As vehicle manufacturers move toward electric-powered drivetrains (and away from fossil fuels and carbon gas emissions), the lithium-ion battery takes on a greater role.
This trend toward “e-mobility,” however, requires a conversion.
All batteries, including the lithium-ion batteries powering everything from electric vehicles to drones to computers, operate with direct current (DC). A majority of appliances rely on AC, or alternating-current, power sources.
Traditionally, alternating current from the power grid must be transformed from AC to DC and stored in the battery, resulting in power loss.
A new battery concept eliminates the current conversion by introducing a new type of electrode: The Biode.
The lithium titanate “Biode” features the characteristics of an anode and a cathode, enabling an AC system to store energy.
"The Biode is a new word we created, as it is in between an anode (minus) and a cathode (plus)," Tadashi Kubo, CEO and co-founder of the Cambridge, UK-headquartered AC Biode, told Tech Briefs via email.
Kubo and his company were one of eight category winners in the 2019 "Create the Future" Design Contest. (See all of the winners of this year's competition.)
In addition to saving the energy lost in AC-to-DC conversion, the more compact Biode battery leads to lower (and therefore safer) electric potential between electrodes, says Kubo.
The team currently has a prototype of the AC battery at 20W, which they plan to scale.
In an edited interview below, Kubo tells Tech Briefs about the kinds of battery applications he wants to take to the skies by 2020.
Tech Briefs: Can you explain the energy inefficiencies of current batteries?
Tadashi Kubo: Ever since Alessandro Volta developed a primary battery in 1800, the general public has begrudgingly accepted that the battery electricity source must be DC. Although it makes sense to use DC batteries for lower-power devices such as lights, radios, or smartphones, battery applications for electric vehicles and drones consume much more power within the same amount of time. Thus, DC batteries alone prove to be insufficient to provide a steady voltage or current that these devices require. In these cases, AC batteries are needed, and they are more efficient and easier to control than conventional DC batteries.
Tech Briefs: Do you have a patent?
Tadashi Kubo: We [AC Biode] applied for two patents in Japan in 2016 and will apply for additional two patents in Japan and at Patent Cooperation Treaty (PCT).
We already have a prototype of our AC battery at 20W. We will scale it up to around 50kW within a year once we raise seed funding or receive public grants.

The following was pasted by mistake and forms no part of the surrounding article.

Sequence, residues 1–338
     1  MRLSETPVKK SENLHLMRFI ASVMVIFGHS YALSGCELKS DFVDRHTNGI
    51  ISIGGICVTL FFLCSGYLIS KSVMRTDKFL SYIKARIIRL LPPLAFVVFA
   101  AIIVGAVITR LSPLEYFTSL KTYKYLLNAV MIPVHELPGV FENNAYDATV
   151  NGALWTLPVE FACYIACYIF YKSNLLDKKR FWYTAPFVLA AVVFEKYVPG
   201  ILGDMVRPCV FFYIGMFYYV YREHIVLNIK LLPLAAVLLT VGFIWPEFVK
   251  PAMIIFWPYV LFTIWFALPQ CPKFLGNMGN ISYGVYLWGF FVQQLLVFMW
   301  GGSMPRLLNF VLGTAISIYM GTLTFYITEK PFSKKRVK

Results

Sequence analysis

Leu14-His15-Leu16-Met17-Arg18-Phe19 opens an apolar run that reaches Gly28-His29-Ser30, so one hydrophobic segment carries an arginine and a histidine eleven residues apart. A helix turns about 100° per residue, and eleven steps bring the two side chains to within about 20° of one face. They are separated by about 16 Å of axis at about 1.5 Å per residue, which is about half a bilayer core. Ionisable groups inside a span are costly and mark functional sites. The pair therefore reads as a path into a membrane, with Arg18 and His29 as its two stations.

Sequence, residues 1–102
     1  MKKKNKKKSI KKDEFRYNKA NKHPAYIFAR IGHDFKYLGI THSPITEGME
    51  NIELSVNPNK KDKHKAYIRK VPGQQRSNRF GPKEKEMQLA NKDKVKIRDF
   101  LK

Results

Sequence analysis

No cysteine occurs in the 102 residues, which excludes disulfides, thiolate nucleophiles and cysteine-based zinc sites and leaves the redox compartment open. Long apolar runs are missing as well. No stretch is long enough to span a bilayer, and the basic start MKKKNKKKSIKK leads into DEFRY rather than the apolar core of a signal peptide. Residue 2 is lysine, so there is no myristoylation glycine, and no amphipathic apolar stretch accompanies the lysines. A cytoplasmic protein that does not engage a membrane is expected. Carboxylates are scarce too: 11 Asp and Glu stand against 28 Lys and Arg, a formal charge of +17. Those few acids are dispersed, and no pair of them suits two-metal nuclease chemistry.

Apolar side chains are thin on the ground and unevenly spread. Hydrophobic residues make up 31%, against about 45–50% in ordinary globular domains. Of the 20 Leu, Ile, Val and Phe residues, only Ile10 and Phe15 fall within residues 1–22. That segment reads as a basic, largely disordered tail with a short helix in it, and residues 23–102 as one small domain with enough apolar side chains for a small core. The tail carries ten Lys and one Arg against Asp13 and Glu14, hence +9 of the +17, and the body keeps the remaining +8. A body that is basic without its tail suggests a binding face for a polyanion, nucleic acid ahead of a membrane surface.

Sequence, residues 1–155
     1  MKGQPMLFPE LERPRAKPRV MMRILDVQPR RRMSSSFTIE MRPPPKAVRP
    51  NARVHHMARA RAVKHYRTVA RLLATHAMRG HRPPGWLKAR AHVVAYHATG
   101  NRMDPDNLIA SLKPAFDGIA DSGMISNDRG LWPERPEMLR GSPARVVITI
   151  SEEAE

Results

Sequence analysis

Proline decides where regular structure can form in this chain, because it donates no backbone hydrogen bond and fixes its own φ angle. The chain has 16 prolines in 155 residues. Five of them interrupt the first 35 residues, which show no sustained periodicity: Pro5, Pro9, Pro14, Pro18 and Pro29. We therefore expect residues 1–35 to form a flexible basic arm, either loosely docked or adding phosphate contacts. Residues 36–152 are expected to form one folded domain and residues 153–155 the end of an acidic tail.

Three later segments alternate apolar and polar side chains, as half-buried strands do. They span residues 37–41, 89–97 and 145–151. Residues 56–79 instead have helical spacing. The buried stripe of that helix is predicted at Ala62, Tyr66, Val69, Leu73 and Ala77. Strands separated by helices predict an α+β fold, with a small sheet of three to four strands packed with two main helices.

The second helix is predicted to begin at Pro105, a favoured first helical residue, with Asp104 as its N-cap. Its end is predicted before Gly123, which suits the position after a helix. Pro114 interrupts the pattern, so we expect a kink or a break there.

Tech Briefs: How is your battery better than conventional DC batteries?
Tadashi Kubo: Compared to the current DC batteries, our innovative technology has the following six advantages:
- It is safer, thus reducing yield rates at battery production lines. Voltage within the battery cells is divided by the Biode, leading to safer operations. While there is 4V between anode and cathode within the conventional Li-ion battery, for example, Biode can divide the voltage into 2V each and at the same time increase the battery capacity.
- A double lifecycle: Quality of electrode particles varies a lot; in particular, that of cathode particles. The quality of the electrode particles is a limiting factor for DC batteries; however, it is not a limiting factor for AC batteries because AC, a shape of wave, can instead utilize the average, not the worst, quality as electrodes advance.
- Regarding volume, our battery is up to 30% more compact. In addition to anode and cathode, the Biode has both characteristics.
- We utilize all the existing materials and production lines of batteries and circuits. The production cost of Biode is the same as that of an anode, manufactured by the existing roll-to-roll method.
- The technology is applicable not only to Li-ion batteries but also any type, including all-solid-state batteries.
- The input is AC, and our output can be AC or DC, depending on the needs.
Tech Briefs: What inspired this idea?
Tadashi Kubo: While power transmission/distribution and motors have both the option of AC and DC, batteries do not. All batteries use DC, not AC. Realizing AC batteries expands more flexibility, especially when combining with the Cockcroft-Walton Multiplier, [a circuit that generates DC voltage from an input of alternating current].
Tech Briefs: What kinds of applications are possible with these benefits?
Tadashi Kubo: Our first target is for drones because it is easier for us to start with, and drones' batteries are critical. We will expand to e-bikes, e-scooters, then EVs, aerospace, and more.
Tech Briefs: What’s next for you, regarding this technology?
Tadashi Kubo: We have tested this out in our laboratory in Kyoto, Japan. Once we raise seed funding, we will scale up our prototype and test more. By mid 2020, we would like to test our battery and Cockcroft-Walton Multiplier for drone applications.
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